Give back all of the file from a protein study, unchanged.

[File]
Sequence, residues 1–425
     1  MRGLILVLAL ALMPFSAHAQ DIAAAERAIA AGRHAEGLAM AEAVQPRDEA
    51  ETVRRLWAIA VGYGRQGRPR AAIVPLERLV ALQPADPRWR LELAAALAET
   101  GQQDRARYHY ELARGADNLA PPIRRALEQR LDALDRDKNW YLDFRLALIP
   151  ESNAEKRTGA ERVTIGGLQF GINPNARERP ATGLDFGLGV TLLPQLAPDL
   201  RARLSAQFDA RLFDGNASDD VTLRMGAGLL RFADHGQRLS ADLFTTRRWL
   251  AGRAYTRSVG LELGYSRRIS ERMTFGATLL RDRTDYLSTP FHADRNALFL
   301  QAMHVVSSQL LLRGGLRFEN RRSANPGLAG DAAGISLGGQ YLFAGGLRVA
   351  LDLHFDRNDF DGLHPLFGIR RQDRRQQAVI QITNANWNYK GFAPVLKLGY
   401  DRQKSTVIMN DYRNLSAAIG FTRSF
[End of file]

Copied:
Sequence, residues 1–425
     1  MRGLILVLAL ALMPFSAHAQ DIAAAERAIA AGRHAEGLAM AEAVQPRDEA
    51  ETVRRLWAIA VGYGRQGRPR AAIVPLERLV ALQPADPRWR LELAAALAET
   101  GQQDRARYHY ELARGADNLA PPIRRALEQR LDALDRDKNW YLDFRLALIP
   151  ESNAEKRTGA ERVTIGGLQF GINPNARERP ATGLDFGLGV TLLPQLAPDL
   201  RARLSAQFDA RLFDGNASDD VTLRMGAGLL RFADHGQRLS ADLFTTRRWL
   251  AGRAYTRSVG LELGYSRRIS ERMTFGATLL RDRTDYLSTP FHADRNALFL
   301  QAMHVVSSQL LLRGGLRFEN RRSANPGLAG DAAGISLGGQ YLFAGGLRVA
   351  LDLHFDRNDF DGLHPLFGIR RQDRRQQAVI QITNANWNYK GFAPVLKLGY
   401  DRQKSTVIMN DYRNLSAAIG FTRSF